e.g. psychometric, technical, practical, problem-solving - The best way to determine if someone can do something is, surely, to let them show you. If the role entails some task that you could conceivably allow them to do then make them. Don’t forget, it’s your ‘interview’ and it’s up to you how you conduct it. Just make sure that the test is a fair one and is a genuine representation of something they would have to do if they were successful in their application e.g. don’t make them stand up to perform a task that could be done sitting down as this could disadvantage a physically disabled person. Assessment days are now quite commonplace and if they are willing to devote a whole day to an ‘interview’ then it shows some form of commitment and desire to be successful in their application.
An ideal way to decide if they could do the job would be to get them to do the job for a period of time. This is not really practical but, effectively, this is what a probation period is. If you consider it part of the interview process then it makes things a little clearer. It also allows you to see how they fit in with your other staff members and culture of the organisation. As long as you support the (now) employee through probation, if they do not meet your high expectations then you are perfectly entitled to dismiss them; but, again, beware of discriminatory criteria.
What could be better than asking someone that knows them well and maybe has even seen their work over a long period? Surely this is the perfect gauge? Useful, honest, unbiased references are, however, notoriously hard to obtain. This is due to a number of factors including fear of being sued, the information contained therein being passed on to the subject as a result of data protection laws and our inability to give balanced, objective opinions.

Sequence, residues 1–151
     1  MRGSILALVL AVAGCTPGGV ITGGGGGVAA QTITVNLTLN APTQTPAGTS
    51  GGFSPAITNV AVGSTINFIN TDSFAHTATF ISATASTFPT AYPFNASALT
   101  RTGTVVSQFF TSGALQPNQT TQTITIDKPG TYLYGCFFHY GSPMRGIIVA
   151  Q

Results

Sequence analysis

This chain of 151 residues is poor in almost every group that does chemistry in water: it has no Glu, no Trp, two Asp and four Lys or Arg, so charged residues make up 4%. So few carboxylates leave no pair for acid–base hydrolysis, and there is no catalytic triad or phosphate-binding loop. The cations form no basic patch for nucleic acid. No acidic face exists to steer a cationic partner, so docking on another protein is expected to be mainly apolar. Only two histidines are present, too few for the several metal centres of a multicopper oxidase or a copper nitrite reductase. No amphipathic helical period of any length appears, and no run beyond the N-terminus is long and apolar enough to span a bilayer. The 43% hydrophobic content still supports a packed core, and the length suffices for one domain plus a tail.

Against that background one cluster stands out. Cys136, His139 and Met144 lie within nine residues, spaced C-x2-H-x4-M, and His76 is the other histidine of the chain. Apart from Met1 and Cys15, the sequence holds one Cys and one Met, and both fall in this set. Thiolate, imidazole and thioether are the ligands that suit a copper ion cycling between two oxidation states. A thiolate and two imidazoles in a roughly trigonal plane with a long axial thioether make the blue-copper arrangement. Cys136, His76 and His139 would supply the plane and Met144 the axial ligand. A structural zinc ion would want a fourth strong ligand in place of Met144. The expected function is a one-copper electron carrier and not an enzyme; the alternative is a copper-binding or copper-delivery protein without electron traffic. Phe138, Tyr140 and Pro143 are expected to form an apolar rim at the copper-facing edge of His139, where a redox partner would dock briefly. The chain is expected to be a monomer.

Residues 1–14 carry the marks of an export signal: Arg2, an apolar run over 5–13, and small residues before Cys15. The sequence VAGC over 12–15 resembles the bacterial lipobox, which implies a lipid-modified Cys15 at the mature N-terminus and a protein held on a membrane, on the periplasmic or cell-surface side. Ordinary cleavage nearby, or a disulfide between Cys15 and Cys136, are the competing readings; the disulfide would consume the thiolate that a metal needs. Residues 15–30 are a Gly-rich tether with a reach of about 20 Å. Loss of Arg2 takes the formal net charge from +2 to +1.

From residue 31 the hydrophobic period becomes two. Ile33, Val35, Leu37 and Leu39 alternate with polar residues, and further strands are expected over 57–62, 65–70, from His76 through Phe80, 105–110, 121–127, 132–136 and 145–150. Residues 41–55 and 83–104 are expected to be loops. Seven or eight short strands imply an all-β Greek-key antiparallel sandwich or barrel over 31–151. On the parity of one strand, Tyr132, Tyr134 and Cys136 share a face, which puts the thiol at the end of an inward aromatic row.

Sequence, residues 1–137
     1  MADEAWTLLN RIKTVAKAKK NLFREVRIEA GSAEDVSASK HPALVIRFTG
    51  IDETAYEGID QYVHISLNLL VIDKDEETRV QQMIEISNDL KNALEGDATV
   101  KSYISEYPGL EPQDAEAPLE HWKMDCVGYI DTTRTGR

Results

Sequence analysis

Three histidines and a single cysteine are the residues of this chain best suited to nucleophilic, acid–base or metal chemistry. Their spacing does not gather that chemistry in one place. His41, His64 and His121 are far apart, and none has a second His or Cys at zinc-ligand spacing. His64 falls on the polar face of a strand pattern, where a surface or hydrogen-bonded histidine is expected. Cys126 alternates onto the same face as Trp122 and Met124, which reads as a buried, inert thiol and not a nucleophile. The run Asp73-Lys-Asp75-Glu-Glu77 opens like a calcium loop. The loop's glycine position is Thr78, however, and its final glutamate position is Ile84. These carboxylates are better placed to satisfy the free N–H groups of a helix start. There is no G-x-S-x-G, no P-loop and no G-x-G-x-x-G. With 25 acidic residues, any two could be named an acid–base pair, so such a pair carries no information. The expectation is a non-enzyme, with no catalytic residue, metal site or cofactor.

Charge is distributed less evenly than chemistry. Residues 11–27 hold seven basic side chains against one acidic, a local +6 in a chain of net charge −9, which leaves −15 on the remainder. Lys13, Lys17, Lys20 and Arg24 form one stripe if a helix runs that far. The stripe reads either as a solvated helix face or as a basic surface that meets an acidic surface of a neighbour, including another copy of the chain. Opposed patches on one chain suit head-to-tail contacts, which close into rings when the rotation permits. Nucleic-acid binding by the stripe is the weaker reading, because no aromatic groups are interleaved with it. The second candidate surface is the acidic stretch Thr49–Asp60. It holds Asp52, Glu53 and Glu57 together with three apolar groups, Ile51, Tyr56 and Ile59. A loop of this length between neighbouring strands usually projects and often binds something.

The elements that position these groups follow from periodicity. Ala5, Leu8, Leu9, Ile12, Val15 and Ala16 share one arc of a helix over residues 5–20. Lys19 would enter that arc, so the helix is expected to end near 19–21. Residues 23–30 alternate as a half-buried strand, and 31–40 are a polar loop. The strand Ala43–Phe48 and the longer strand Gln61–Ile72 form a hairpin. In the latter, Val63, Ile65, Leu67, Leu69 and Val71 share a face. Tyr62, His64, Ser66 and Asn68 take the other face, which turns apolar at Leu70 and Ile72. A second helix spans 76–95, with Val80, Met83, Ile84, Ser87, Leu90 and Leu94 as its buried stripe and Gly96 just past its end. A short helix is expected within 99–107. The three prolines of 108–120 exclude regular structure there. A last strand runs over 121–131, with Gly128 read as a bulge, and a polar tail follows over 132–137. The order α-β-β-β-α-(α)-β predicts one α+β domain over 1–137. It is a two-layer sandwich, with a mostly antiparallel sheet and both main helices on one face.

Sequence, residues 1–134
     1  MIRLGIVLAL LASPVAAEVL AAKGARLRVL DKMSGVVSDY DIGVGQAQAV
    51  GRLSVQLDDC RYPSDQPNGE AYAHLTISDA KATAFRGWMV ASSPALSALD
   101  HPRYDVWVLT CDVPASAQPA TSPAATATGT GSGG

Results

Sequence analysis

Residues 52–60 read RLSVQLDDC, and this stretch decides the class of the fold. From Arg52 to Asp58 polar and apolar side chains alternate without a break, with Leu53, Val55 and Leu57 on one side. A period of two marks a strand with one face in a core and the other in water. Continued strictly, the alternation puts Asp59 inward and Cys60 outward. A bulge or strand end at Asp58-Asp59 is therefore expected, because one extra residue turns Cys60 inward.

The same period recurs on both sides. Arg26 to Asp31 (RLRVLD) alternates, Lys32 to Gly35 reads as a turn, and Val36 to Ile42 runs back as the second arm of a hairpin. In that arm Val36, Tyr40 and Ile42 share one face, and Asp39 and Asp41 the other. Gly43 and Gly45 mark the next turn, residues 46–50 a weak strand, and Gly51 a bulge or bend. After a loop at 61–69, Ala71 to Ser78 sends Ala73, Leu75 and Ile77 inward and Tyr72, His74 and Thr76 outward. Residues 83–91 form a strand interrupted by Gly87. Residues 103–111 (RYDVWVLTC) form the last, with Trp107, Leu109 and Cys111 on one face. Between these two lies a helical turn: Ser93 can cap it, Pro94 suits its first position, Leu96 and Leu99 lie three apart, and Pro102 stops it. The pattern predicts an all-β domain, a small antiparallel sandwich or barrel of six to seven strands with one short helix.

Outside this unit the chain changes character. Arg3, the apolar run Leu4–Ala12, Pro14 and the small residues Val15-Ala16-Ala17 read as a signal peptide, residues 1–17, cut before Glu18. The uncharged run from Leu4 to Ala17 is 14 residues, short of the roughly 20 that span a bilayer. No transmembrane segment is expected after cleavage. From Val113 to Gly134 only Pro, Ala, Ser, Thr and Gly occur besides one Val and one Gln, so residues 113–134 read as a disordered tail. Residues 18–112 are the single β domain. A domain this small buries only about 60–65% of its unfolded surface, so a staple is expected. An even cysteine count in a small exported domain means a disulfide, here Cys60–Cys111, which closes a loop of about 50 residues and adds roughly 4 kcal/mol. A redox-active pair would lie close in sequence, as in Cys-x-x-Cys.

Once you have considered the options you will need to decide which (or which combination) fits your need best.
A study gained five personality trait scores on students from their close friends. Total strangers were then asked to rate the same people on the same traits after viewing their college dorm room for a short time. The strangers scored more accurately than the close friends on three of the five traits. What does this tell us? Perhaps it is that our personal, private side (the dorm room) tells us much more about someone than their outward, public side. I have often wondered whether it would be better to insist that interviewees attend in casual dress rather than seeing the facade of smart dress. Perhaps it would be better to see a less staged and more representative view of them. Being casually dressed may also put them more at ease.
Maybe you should consider your wording in a job advert as a certain style may appeal more to the kind of person that you’re looking for but again be wary of unintentional discriminatory language.
Whilst I believe that there are other options to the interview and some job roles are very unsuited to this method of assessment, it still has its place in the recruitment process. Perhaps a more relaxed interview without difficult questions could be used to try to see the person behind the interview persona. Maybe you could ask them to tell you about themselves on a personal level i.e. not professionally.
I think that if you only take one thing from this piece it should be that the traditional interview is not the only way to determine the best person for the job. Think about what you’re looking for and then decide how to find this out.
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* Incidentally the traits of a successful salesperson are often displayed in psychopaths. A great salesperson may put the sale above all else, for example, the suitability of the product/ service to the customer. A lack of empathy is also a very strong trait in psychopaths.